New Hampshire

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Paperback
$12.00 US
5.16"W x 7.96"H x 0.4"D  
On sale Jan 22, 2019 | 128 Pages | 978-0-525-56534-5
| Grades 6-12 + AP/IB
A Vintage Classics edition of Frost's 1923 collection of poems that won the Pulitzer Prize and contains some of his most famous and beloved poems. Includes the original woodcut illustrations, not in print elsewhere.

Robert Frost won the first of his four Pulitzer Prizes with this collection, published in 1923. It contains some of his most enduring and best-known poems, including “Nothing Gold Can Stay,” “Fire and Ice,” “The Need of Being Versed in Country Things,” and “Stopping by Woods on a Snowy Evening.”

Included in this edition are the original woodcut illustrations of rural scenes, done in the Arts and Crafts style by J. J. Lankes.

Robert Frost was born in San Francisco in 1874. When he was ten, his father died and he and his mother moved to New England. He attended school at Dartmouth and Harvard, worked in a mill, taught, and took up farming, before he moved to England, where his first books of poetry, A Boy’s Will (1913) and North of Boston (1914), were published. North of Boston brought him recognition as the preeminent voice of New England and as one of America’s major poets. In 1915 he returned to the United States and settled on a farm in New Hampshire. Four volumes of his poetry, New Hampshire (1923), Collected Poems (1930), A Further Range (1936), and A Witness Tree (1942) were all awarded the Pulitzer Prize. He died in 1963.

View titles by Robert Frost
"Nothing Gold Can Stay"

Nature's first green is gold,
Her hardest hue to hold.
Her early leaf's a flower;
But only so an hour.
Then leaf subsides to leaf.
So Eden sank to grief,
So dawn goes down to day.
Nothing gold can stay.


"Stopping by Woods on a Snowy Evening"

Whose woods these are I think I know.
His house is in the village though; 
He will not see me stopping here
To watch his woods fill up with snow.

My little horse must think it queer
To stop without a farmhouse near
Between the woods and frozen lake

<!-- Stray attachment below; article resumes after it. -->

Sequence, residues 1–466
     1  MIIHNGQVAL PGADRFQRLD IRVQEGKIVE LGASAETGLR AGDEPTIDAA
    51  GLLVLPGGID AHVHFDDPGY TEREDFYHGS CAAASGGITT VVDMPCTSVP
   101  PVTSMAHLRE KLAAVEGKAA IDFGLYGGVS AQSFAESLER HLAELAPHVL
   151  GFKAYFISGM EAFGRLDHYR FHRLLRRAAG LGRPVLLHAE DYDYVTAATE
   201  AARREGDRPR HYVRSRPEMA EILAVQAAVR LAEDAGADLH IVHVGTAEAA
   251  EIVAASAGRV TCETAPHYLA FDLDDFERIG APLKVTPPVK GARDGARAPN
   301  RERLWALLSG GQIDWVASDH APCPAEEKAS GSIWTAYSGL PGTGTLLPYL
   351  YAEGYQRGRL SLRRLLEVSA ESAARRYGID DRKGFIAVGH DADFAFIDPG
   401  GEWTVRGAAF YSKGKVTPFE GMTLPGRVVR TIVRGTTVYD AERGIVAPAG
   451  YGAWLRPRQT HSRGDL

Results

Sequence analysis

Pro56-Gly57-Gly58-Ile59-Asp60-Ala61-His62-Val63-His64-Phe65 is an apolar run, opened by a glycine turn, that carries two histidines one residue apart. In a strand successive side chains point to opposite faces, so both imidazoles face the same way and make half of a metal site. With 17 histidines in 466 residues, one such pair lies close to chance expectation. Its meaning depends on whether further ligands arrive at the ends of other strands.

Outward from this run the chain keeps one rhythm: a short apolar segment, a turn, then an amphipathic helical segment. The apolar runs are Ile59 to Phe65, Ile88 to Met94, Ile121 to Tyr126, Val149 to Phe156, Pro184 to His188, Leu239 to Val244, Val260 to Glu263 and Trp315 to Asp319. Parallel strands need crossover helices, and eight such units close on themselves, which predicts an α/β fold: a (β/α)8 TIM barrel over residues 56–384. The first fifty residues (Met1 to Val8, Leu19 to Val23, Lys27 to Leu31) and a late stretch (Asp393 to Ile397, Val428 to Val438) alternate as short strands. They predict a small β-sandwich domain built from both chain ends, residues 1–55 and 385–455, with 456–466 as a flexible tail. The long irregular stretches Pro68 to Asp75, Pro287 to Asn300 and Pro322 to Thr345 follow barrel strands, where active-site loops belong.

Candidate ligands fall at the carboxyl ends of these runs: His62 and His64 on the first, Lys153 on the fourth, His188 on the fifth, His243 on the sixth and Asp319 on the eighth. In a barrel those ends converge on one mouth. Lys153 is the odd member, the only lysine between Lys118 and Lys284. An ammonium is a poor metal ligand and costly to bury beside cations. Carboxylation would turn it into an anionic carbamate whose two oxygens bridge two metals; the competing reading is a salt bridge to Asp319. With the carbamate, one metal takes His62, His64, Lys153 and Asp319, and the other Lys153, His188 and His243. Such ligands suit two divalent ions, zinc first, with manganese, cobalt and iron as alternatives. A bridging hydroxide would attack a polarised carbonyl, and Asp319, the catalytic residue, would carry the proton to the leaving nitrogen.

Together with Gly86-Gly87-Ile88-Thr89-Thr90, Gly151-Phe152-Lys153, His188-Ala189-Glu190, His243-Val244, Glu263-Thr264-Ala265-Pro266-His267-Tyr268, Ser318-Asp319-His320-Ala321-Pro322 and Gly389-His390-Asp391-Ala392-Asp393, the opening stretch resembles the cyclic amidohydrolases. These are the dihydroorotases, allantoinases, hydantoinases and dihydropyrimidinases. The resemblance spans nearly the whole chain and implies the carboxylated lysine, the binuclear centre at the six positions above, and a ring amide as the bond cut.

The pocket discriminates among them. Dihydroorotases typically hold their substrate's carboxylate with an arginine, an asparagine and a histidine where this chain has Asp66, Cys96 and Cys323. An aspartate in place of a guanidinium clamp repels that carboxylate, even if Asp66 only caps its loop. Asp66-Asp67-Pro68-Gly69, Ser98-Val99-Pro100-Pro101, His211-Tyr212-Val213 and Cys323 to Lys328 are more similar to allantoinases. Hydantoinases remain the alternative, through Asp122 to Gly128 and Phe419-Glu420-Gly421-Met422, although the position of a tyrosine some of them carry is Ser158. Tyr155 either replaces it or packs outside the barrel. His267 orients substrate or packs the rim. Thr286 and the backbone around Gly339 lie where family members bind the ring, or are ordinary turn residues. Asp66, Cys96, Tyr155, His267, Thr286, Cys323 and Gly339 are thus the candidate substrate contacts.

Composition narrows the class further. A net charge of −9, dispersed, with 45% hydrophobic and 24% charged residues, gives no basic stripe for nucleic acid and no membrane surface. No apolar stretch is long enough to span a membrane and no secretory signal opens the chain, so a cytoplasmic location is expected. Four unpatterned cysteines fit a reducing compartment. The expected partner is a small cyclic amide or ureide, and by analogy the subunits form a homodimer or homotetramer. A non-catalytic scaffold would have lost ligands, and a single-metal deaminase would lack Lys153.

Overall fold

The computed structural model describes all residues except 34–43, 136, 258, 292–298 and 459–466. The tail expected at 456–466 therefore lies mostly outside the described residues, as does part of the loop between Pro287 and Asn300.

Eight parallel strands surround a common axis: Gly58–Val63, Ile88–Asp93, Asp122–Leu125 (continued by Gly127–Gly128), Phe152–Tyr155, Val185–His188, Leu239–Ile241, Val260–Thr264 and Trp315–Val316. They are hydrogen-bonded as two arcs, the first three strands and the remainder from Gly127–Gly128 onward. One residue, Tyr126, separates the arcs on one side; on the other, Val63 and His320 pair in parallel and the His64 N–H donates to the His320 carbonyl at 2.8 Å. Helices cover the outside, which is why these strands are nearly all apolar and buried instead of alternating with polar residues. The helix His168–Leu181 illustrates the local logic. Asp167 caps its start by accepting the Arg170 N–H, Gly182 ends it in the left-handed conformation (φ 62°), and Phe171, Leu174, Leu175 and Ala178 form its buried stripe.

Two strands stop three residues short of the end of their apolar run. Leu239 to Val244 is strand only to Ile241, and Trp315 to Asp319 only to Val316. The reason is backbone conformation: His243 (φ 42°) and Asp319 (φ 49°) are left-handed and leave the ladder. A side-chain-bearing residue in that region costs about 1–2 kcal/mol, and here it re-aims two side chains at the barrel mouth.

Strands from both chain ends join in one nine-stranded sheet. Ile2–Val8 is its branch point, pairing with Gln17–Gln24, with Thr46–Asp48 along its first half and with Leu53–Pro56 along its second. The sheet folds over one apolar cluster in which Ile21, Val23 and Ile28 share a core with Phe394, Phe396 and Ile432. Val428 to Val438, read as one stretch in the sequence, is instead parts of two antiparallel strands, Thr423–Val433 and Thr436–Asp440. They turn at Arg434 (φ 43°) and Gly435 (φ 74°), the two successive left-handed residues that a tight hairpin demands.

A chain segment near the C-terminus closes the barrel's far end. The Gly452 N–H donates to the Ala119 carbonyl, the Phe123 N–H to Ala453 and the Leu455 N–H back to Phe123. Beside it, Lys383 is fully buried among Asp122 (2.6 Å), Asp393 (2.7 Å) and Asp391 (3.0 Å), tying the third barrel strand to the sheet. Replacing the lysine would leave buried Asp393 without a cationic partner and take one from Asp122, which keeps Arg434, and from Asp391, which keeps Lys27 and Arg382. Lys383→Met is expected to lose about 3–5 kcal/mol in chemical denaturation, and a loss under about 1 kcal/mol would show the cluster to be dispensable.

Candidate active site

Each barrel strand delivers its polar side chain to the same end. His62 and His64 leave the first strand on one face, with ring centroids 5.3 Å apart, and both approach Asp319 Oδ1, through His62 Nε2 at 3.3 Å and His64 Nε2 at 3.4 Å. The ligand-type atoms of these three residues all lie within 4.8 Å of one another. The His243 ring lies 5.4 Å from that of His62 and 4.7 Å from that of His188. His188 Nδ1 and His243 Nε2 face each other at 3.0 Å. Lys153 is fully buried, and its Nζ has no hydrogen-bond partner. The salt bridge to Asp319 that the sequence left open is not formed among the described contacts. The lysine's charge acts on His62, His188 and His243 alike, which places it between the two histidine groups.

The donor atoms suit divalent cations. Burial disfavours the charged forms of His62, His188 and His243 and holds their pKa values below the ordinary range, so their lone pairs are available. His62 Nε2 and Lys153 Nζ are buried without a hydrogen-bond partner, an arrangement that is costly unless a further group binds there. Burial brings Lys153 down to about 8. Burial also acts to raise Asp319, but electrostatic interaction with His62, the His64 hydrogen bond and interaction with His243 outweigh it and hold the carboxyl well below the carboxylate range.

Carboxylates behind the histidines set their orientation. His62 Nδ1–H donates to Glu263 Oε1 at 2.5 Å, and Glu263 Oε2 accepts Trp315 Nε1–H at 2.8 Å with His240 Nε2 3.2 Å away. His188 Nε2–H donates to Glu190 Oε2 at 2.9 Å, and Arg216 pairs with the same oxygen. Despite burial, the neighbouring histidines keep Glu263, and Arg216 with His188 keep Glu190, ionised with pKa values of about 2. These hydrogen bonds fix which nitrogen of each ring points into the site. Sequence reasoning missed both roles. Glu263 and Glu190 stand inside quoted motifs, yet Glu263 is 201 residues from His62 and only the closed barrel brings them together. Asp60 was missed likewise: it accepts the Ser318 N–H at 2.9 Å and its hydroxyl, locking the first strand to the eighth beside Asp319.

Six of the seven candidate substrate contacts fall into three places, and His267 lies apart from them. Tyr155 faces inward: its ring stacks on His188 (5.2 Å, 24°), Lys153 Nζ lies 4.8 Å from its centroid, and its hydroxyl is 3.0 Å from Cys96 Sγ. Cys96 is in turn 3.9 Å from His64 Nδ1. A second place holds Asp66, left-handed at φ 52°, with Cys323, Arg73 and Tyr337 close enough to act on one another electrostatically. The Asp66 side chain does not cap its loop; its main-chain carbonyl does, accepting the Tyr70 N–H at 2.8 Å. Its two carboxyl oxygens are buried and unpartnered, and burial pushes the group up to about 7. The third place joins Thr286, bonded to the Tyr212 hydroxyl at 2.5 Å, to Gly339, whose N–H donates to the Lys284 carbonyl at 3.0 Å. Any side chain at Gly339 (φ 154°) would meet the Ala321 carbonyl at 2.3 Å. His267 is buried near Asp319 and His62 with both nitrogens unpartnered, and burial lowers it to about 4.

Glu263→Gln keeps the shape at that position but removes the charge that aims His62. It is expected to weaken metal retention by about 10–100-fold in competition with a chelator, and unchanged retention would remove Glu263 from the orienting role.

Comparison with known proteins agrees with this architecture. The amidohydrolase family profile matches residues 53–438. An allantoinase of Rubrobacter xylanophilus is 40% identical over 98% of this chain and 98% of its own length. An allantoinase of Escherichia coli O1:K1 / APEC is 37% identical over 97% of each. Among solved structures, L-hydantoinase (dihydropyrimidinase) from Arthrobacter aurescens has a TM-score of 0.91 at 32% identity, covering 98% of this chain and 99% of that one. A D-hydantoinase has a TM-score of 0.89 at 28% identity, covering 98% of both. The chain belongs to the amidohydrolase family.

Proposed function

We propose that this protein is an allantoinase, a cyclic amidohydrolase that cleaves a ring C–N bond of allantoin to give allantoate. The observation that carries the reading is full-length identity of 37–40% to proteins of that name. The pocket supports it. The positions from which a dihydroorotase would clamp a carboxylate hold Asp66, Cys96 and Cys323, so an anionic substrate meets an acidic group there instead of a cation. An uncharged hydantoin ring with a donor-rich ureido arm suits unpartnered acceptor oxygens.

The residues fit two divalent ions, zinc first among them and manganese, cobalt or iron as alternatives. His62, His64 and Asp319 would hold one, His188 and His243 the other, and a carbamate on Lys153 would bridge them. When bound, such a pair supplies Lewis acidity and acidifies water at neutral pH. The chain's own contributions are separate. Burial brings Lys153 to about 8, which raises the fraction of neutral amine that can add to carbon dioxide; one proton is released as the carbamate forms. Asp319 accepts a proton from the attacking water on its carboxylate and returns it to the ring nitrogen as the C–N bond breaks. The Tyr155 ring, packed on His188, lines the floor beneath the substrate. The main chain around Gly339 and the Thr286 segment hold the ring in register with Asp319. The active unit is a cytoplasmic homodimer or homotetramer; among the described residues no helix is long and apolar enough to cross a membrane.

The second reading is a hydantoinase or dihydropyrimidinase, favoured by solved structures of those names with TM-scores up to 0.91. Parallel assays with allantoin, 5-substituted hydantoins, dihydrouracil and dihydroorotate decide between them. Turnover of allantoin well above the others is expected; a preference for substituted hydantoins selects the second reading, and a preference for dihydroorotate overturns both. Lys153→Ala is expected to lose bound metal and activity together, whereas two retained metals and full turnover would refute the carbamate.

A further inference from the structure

The darkest evening of the year.

He gives his harness bells a shake
To ask if there is some mistake.
The only other sound's the sweep
Of easy wind and downy flake.

The woods are lovely, dark and deep.
But I have promises to keep,
And miles to go before I sleep,
And miles to go before I sleep.

About

A Vintage Classics edition of Frost's 1923 collection of poems that won the Pulitzer Prize and contains some of his most famous and beloved poems. Includes the original woodcut illustrations, not in print elsewhere.

Robert Frost won the first of his four Pulitzer Prizes with this collection, published in 1923. It contains some of his most enduring and best-known poems, including “Nothing Gold Can Stay,” “Fire and Ice,” “The Need of Being Versed in Country Things,” and “Stopping by Woods on a Snowy Evening.”

Included in this edition are the original woodcut illustrations of rural scenes, done in the Arts and Crafts style by J. J. Lankes.

Author

Robert Frost was born in San Francisco in 1874. When he was ten, his father died and he and his mother moved to New England. He attended school at Dartmouth and Harvard, worked in a mill, taught, and took up farming, before he moved to England, where his first books of poetry, A Boy’s Will (1913) and North of Boston (1914), were published. North of Boston brought him recognition as the preeminent voice of New England and as one of America’s major poets. In 1915 he returned to the United States and settled on a farm in New Hampshire. Four volumes of his poetry, New Hampshire (1923), Collected Poems (1930), A Further Range (1936), and A Witness Tree (1942) were all awarded the Pulitzer Prize. He died in 1963.

View titles by Robert Frost

Excerpt

"Nothing Gold Can Stay"

Nature's first green is gold,
Her hardest hue to hold.
Her early leaf's a flower;
But only so an hour.
Then leaf subsides to leaf.
So Eden sank to grief,
So dawn goes down to day.
Nothing gold can stay.


"Stopping by Woods on a Snowy Evening"

Whose woods these are I think I know.
His house is in the village though; 
He will not see me stopping here
To watch his woods fill up with snow.

My little horse must think it queer
To stop without a farmhouse near
Between the woods and frozen lake
The darkest evening of the year.

He gives his harness bells a shake
To ask if there is some mistake.
The only other sound's the sweep
Of easy wind and downy flake.

The woods are lovely, dark and deep.
But I have promises to keep,
And miles to go before I sleep,
And miles to go before I sleep.

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